Berlin’s architecture is famously diverse, revealing the city’s history through its battle-scarred brickwork. A major European trade hub, it has also been a key fighting ground for 20th century political ideologies – most notably communism and totalitarianism – and a testbed for some of history’s most renowned architects, from Karl Friedrich Schinkel and Andreas Schlüter to Modernists like Peter Behrens, Mies van der Rohe and Walter Gropius.

Though many of the city’s buildings were destroyed during WWII, some of its most significant structures have survived while others have been restored. You can still find medieval monasteries and Prussian palaces among post-reunification experiments by 20th century starchitects, such as Frank Gehry, Rem Koolhaas, Norman Foster and Richard Rogers.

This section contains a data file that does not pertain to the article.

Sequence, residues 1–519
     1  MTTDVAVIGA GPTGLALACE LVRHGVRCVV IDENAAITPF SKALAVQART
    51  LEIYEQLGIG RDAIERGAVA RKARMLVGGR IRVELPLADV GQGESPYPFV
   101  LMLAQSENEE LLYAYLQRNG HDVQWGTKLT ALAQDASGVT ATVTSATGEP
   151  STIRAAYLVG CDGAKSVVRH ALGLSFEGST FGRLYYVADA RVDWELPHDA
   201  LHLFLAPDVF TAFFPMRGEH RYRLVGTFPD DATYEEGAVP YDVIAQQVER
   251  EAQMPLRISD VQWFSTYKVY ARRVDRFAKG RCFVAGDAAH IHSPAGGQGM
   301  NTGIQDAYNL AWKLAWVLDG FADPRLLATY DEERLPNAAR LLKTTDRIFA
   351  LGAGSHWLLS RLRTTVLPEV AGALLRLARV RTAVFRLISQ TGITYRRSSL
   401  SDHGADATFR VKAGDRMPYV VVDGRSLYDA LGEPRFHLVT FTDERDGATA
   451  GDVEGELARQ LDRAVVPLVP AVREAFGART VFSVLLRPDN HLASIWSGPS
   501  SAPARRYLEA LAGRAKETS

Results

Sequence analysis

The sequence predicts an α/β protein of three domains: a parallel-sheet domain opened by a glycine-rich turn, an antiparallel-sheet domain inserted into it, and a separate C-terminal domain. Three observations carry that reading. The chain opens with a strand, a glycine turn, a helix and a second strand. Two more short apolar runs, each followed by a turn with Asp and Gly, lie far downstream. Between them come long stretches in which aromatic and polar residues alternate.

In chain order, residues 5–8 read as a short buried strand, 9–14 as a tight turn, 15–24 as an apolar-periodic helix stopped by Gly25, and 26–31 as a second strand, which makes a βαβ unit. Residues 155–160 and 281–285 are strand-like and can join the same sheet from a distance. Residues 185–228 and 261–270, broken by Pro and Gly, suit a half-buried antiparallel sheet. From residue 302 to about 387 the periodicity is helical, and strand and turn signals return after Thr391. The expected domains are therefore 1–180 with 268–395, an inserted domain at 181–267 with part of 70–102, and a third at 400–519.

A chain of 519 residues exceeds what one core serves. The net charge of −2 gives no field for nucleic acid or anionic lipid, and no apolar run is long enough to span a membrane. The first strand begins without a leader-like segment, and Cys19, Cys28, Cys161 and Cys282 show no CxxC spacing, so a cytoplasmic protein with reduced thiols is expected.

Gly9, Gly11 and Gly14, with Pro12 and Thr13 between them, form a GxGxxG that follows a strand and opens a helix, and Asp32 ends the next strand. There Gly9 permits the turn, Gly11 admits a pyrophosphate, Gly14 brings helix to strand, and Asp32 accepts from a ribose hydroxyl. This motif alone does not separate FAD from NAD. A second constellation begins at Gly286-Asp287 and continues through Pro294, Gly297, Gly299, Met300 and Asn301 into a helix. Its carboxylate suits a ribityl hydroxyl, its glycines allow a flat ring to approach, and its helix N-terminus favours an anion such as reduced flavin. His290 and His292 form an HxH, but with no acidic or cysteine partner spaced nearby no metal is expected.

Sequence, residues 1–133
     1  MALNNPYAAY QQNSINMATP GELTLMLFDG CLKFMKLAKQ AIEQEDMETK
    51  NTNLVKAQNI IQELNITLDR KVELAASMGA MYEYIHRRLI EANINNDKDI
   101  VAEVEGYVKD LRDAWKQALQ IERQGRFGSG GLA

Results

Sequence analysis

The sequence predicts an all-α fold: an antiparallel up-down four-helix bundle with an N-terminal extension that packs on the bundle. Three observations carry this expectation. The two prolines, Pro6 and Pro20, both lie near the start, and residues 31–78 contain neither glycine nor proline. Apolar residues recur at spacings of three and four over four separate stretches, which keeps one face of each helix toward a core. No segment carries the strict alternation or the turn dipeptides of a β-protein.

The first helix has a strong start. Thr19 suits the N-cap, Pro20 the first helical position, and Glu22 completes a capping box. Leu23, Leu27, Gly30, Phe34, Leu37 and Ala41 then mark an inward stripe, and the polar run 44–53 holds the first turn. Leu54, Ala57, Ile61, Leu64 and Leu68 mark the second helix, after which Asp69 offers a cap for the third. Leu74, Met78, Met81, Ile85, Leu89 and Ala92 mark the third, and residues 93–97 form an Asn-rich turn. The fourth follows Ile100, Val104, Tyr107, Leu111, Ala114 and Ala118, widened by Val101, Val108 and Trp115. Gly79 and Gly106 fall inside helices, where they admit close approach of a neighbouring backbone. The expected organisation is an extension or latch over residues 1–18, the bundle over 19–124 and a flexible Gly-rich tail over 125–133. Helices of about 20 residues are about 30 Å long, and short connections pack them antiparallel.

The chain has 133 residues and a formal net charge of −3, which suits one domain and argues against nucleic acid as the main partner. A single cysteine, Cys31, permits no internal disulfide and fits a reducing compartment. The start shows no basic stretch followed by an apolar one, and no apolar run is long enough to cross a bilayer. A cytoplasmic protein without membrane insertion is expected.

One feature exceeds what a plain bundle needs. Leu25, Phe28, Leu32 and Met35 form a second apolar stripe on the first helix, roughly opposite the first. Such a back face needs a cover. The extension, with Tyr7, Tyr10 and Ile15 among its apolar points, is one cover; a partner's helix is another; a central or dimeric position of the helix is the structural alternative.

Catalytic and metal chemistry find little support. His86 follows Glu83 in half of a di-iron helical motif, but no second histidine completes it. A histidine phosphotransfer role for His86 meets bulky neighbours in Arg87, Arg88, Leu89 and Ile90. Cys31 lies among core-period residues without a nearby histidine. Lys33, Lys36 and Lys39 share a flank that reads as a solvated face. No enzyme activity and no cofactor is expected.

We explore 15 landmarks that give Berlin its architectural thumbprint.

Have we missed one? Leave us a comment below.

See our Berlin city guide

Paul Sullivan is a Berlin-based writer and travel photographer and the editor of Slow Travel Berlin

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